Sweaty Oompa Loompas running in Bay to Breakers

Sweaty Oompa Loompas running in Bay to Breakers

Every year on the third Sunday in May, thousands of runners and revelers take to the streets of San Francisco for the annual Bay to Breakers race. The 12k race begins just blocks from the San Francisco Bay on Howard and Main, and crosses the city, passing the Painted Ladies of Alamo Square, through the Panhandle and Golden Gate Park, before finishing at the breakers of Ocean Beach.

Now in its 103rd year, Bay to Breakers is a quintessential San Francisco experience, half race and half party, filled with fun and festivities in true San Francisco fashion. And by fashion, I mean crazy costumes (or even no costume, if you know what I’m saying). The biggest race in San Francisco (though certainly not the longest), the official website calls Bay to Breakers the oldest consecutively-run annual footrace in the world. It began in 1912 and in the ‘80s, became the world’s largest footrace, though the numbers have dropped considerably since then.

Runners on their way out of Golden Gate Park

Runners on their way out of Golden Gate Park

In 2015, Bay to Breakers took place on May 17, with 50,000 runners registered to race and many more who joined in the fun, cheering the other runners on from the sidelines or rooftops along the course, or just heading straight for the parties. Registration for the race cost $64, which includes the race bib, finisher t-shirt, and access to the race Expo at Fort Mason Center before the race and the Finish Line Festival, where finishers received their race medals, food and drink for recovery, and some post-race entertainment. However, friends and family who came out to support runners were not able to join the runners at the festival. They were stuck waiting around outside the event, where there were no seats or restrooms. Since this is such a big race, it’s understandable that race organizers would want to keep people out, but other races in San Francisco opened their post-race fun to everyone.

Crossing the Finish Line

Crossing the finish line

Of course, it’s free to hang out on the sidelines and watch the crazy runners pass by, or head to the block party at the Panhandle and enjoy the event from there. There are also many people who unofficially participate in the race, known as race bandits, who are discouraged by organizers but people always seem to do it anyway.

Bay to Breakers has a reputation of not being a serious race, with many of the participants walking or stopping for drinks or dance parties along the way (and sometimes never finishing). But it wasn’t all early morning drunken debauchery. Starting off the race was the pack of about 40 elite runners competing to win the cash prizes. Winners this year were Kenyans Isaac Mukandi Mwangi and Jane Kibii.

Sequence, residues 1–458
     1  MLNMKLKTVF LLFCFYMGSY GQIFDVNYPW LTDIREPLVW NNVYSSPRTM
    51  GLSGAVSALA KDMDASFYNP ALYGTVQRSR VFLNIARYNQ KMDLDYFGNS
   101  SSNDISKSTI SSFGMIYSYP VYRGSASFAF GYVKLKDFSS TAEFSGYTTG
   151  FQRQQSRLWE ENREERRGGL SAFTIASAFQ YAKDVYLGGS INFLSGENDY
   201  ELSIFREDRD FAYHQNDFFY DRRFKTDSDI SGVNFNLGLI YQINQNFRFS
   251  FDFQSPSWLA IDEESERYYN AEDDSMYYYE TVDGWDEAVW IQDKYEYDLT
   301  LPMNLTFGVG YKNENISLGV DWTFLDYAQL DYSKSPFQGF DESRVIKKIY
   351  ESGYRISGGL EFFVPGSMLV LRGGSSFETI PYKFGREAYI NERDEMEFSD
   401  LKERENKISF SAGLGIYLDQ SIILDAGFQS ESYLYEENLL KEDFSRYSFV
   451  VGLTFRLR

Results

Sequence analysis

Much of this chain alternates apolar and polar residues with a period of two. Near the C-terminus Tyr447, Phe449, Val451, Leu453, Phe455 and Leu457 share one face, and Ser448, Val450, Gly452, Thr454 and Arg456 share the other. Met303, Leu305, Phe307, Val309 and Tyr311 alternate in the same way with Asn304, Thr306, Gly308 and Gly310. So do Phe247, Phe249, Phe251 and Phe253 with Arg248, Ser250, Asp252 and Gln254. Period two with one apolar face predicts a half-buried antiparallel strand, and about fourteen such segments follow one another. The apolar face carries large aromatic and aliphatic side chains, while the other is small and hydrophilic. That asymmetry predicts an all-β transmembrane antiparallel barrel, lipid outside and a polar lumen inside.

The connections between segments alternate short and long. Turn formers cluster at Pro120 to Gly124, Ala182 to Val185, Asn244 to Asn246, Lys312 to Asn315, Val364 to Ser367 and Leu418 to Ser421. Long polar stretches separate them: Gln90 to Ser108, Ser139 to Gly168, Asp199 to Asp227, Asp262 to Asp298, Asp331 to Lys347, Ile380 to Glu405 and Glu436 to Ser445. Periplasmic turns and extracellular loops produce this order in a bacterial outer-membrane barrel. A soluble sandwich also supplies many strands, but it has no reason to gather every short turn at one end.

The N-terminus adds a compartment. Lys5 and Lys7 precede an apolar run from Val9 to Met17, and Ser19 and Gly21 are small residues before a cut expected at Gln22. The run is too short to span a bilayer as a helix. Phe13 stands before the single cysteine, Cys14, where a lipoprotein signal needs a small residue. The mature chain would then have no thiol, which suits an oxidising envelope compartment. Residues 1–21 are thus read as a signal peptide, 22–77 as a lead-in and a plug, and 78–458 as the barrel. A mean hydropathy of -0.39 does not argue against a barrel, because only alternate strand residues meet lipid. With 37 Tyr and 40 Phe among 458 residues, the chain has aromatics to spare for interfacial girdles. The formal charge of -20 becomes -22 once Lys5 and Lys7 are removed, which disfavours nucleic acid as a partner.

This year, there seemed to be more running and a little less partying, with harsher enforcement of the rules and a ban on rolling bar carts and floats, which in some years made the event more of a parade than a race. Police attempted to stop the public drinking by confiscating and pouring out drinks at several checkpoints along the race. There were 11 reported arrests made at the event, which is surprisingly low considering the masses of people partying at the Panhandle.

There were still the traditional tortillas tossed at the start line, naked runners (who mostly seem to be older men running alone – and it does not look comfortable), day drinking, and creative costumes.

Costume highlights for 2015 included the traditional pink gorilla, snow globes, a whole school of jellyfish, unicorns, troll dolls and pretend-nudes in flesh-colored bodysuits. One of my favorites was a guy in a giraffe costume spotted wandering around the post-race panhandle party, who later joined a whole tower of giraffes (that’s what you call a group of giraffes). The costume contest winners this year (judged by me) were the two girls wearing “the dress.” You know, the one that ruined friendships and blew the internet’s collective mind. I’m sorry to remind you and also sorry that I didn’t get a photo. The runners made dresses that were blue and black on one side and white and gold on the other.

An honorable mention goes to the guy who finished the race wearing flip flops – a true testament to the comfort of Rainbow sandals.

Bay to Breakers is the birthplace of two amazing and creative traditions. First, the salmon who swim upstream to spawn, which are a group of runners wearing fish costumes who start at the finish line and run the race in the opposite direction, weaving through the crowds and creating havoc. The other is the centipede, or a group of 13 or more runners who complete the entire race connected to one another by rope or bungee cords. Though it sounds silly, there’s some tough competition in the centipede race category, though the UC Davis track team who invented it (as a training tool to work on pacing) usually dominates. Centipedes are also an opportunity for creative group costumes, like the group who formed a boxing ring with runners wearing boxing gloves in the middle.

Bay to Breakers is a one-of-a-kind San Francisco event that’s one part serious athletic event, a few parts crazy costume party, another part family fun with many children joining their parents in the run or waiting with family at the finish line.

A band provides some race entertainment

Race entertainment

There’s no lack of entertainment here – once you get tired of watching the creative costumes pass by, there are bands with live music and DJs set up with space for dancers to join the party. Popular viewing spots to cheer on runners include the Panhandle, where a huge after-party (and during-party) takes place, Alamo Square Park, and of course, the finish line.

General info:

Phone: (415) 231-3130

Website: https://baytobreakers.com/


Published On: Monday, June 1st, 2015